Pan Am Games 2015 – Vintage Pattern Edition

July 20, 2015 § 6 Comments

This week the Pan Am Games continue in Toronto. In honour of the Games, here’s a look at vintage patterns and illustrations showing women’s sports.

First up: Pan Am sports that have already concluded for 2015.

Archery. From a 1933 issue of McCall’s magazine, this archery scene was illustrated by Jean des Vignes:

Jean des Vignes archery illustration in a 1930s McCall's magazine

“Taking Aim,” McCall’s magazine, March 1933. Illustration: Jean des Vignes.

Golf. Ben-Hur Baz (later known for his pin-ups) illustrated this golf scene for McCall’s magazine, circa 1930:

Ben Hur Baz ladies' golf illustration in McCall's magazine, spring 1930

McCall 6078 and 6074 in McCall’s magazine, April 1930. Illustration: Ben Hur Baz.

Donna Karan designed these mid-1970s golf separates, hat included, when she was at Anne Klein. You can buy it for your own golfing needs from the PatternVault shop.

1970s Donna Karan for Anne Klein for Penfold golf pattern - Vogue 1415

Vogue 1415 by Donna Karan for Anne Klein x Penfold (ca. 1976) Image via PatternVault on Etsy.

Roller skating. Simplicity 3890, a World War 2-era skating pattern, includes this roller skating illustration:

1940s roller skating pattern - Simplicity 3890

Simplicity 3890 (ca. 1941) Image via Etsy.

Sailing. This 1930s sailor dress has a contrast collar and big buttons at the side-front closure:

1930s sailor dress pattern - New York 217

New York 217 (ca. 1930s)

Swimming. This chic, cuffed swimsuit (previously featured in my Heat Wave! beachwear post) dates to the late 1940s:

1940s bathing suit pattern - Vogue 6709

Vogue 6709 (1949) Image via Oodles and oodles.

The swimsuit was photographed by Richard Rutledge for Vogue Pattern Book:

1940s Richard Rutledge photograph - Vogue pattern no. 6709

Vogue 6709 in Vogue Pattern Book, April/May 1949. Photo: Richard Rutledge.

Tennis. The cover of the McCall Quarterly for Spring 1932 has this tennis-themed illustration featuring two dresses by Bruyère:

McCallQSpring1932

Bruyère patterns McCall 6804 and 6819 on the cover of McCall Quarterly, Spring 1932. Illustration: Blanche Rothschild.

(For more tennis patterns see my Tennis, Anyone? post.)

Stay tuned for more vintage sports wear… I’ll be looking at a different Pan Am sport and related vintage pattern every day this week.

Vogue 2248 by Alexander McQueen for Givenchy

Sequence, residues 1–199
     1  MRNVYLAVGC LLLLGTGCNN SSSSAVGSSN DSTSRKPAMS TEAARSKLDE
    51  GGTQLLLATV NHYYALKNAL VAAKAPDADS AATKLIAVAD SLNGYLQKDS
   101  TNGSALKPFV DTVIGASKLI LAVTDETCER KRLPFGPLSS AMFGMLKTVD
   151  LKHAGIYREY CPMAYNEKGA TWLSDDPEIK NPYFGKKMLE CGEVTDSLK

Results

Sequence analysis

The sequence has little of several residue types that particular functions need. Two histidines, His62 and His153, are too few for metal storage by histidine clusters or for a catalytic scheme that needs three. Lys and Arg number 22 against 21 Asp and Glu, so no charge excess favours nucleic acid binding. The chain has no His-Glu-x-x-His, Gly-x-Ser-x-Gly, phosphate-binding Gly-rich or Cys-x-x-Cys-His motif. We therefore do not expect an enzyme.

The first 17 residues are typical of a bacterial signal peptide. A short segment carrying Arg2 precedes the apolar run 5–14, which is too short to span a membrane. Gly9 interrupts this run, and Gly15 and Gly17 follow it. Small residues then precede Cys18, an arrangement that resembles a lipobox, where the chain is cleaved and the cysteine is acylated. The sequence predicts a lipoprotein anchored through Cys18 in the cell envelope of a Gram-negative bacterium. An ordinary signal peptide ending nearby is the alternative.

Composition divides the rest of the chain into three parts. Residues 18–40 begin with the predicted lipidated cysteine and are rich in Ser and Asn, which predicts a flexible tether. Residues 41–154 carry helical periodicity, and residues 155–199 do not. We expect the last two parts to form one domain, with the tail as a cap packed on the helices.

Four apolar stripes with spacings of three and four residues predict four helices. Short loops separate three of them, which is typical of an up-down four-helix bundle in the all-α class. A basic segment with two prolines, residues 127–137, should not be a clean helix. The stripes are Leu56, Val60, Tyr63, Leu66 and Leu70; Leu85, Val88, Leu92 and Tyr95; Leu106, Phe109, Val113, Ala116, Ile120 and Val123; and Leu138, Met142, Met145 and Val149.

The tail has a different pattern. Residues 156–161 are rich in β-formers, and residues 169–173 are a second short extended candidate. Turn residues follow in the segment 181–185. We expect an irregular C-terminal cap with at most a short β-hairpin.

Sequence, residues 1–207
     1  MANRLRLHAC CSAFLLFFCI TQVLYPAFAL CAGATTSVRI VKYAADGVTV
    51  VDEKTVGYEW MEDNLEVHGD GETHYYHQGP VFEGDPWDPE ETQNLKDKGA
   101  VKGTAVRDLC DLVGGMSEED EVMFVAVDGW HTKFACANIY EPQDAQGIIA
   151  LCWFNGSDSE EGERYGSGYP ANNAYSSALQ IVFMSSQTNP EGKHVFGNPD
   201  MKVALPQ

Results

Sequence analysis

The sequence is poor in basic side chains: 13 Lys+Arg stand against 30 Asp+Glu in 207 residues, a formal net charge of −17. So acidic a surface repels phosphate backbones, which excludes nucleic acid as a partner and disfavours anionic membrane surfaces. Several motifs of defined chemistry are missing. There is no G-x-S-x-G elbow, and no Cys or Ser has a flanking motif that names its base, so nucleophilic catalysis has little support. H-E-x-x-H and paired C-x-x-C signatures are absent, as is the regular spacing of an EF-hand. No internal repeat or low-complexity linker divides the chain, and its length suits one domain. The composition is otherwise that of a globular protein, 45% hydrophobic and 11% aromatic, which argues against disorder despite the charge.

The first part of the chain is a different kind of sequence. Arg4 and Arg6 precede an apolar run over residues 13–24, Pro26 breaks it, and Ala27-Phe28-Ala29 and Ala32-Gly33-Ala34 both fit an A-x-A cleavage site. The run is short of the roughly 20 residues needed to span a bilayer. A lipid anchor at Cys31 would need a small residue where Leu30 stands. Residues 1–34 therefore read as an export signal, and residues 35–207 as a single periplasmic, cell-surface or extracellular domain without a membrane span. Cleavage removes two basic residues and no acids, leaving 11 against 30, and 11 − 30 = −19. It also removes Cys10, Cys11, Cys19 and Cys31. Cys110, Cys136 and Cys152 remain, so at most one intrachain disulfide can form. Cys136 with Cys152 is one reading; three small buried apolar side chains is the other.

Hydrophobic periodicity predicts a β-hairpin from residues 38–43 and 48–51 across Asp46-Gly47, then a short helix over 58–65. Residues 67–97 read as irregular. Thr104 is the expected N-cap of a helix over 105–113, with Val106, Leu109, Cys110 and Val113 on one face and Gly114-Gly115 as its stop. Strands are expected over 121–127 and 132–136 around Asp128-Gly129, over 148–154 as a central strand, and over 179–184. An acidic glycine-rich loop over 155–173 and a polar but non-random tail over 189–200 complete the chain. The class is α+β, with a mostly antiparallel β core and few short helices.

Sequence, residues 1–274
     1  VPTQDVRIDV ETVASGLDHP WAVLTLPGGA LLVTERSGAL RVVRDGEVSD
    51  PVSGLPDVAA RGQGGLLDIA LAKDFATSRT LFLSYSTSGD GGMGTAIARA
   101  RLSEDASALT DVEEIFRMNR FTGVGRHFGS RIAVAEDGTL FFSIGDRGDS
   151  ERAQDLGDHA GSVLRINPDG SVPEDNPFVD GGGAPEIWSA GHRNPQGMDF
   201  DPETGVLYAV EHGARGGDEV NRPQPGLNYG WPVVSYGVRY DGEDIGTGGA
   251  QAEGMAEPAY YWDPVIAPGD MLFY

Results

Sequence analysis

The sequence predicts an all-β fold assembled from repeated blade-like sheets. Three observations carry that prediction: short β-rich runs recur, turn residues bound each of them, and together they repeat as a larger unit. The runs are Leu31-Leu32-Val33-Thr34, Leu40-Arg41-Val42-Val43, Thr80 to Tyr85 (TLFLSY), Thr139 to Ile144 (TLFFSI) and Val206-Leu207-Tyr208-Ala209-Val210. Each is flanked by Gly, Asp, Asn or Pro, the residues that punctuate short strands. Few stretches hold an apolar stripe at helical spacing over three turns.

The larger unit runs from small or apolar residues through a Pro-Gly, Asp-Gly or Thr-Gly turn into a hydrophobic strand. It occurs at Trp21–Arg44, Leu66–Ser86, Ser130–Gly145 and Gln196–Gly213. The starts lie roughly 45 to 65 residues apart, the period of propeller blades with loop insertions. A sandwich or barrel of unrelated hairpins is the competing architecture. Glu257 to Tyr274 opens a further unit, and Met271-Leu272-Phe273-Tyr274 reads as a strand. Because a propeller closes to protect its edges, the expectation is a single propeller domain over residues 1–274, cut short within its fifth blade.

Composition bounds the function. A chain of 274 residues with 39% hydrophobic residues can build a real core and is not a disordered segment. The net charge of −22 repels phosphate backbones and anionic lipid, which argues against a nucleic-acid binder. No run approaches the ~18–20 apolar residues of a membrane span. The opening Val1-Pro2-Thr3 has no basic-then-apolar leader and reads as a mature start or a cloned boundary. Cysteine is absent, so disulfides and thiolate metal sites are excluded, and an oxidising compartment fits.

January 19, 2014 § 11 Comments

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I made the first of my patterns by Alexander McQueen for Givenchy: the cowl-neck sheath dress, Vogue 2248. (See my earlier post here.)

Vogue 2248 by Alexander McQueen for Givenchy (1999) Dress with contrast cowl neck.

Vogue 2248 by Alexander McQueen for Givenchy (1999)

I had planned to make the dress in my default black, and had even bought some mesh for the contrast cowl neck. But when I started looking back over runway photos from Givenchy’s neo-noir Fall 1998 ready-to-wear collection, I was struck by the palette of neutrals, electric blue, and especially the combination of oxblood with red.

Givenchy FW1998 Frankie Rayder and Sunniva Stordahl

Models: Frankie Rayder and Sunniva Stordahl. Images via firstVIEW via the Fashion Spot.

Givenchy FW1998 by Alexander McQueen - runway photos by Thierry Orban

Photos: Thierry Orban. Images via Corbis.

(There’s a blue version of the original sleeveless dress on eBay. The dress fabric is a nylon/acetate/elastane blend, with acetate lining, and the back zipper reaches all the way up through the cowl.)

I made View B, the sleeveless, mid-calf version, in oxblood with a red cowl neck. I hit Designer Fabrics and found some oxblood wool, red mesh for the contrast cowl, and Bemberg for the lining. The pattern recommends chiffon for the contrast, but I wanted to stick with the mesh used for the runway version. I was a little stumped as to interfacing for the contrast, and even bought some tomato red tricot to use before learning that the best interfacing for mesh is more mesh.

I wanted a close fit, so I ignored the sizing and went by the finished garment measurements printed on the pattern, including 1″ ease at bust and waist and a little more in the hips. I also lengthened the skirt by 1.5″ to achieve the correct length.

Technical drawing for Vogue 2248

Technical drawing for Vogue 2248

This was my first dart-fitted dress, and I had fun sewing my very first contour darts—eventually realizing the virtues of even a makeshift tailor’s ham. The cowl neck is cut on the bias, but this didn’t pose any problems, since the mesh handles much better than chiffon.

With the full lining and absolutely no stretch, the dress feels very old-fashioned to wear. One thing I misjudged was the bodice/cowl part of the bodice—I cut the right size in the bust, but didn’t distribute the extra waist length I was adding between the above-waist and shoulder areas, so it’s a bit on the high side and the cowl neck has a closer fit than in the runway photo. It would have been simpler to cut a size up and take the bodice in at the sides. The “interfaced” mesh is also a little bulky; the extra layer was probably unnecessary.

Since the Fall 1998 collection was inspired by Blade Runner, it seemed appropriate to take photos of the dress at the David Cronenberg: Evolution exhibition at TIFF Bell Lightbox. In the Interzone area, devoted to Naked Lunch (1991), visitors could have their photo taken with a Mugwump:

Evolution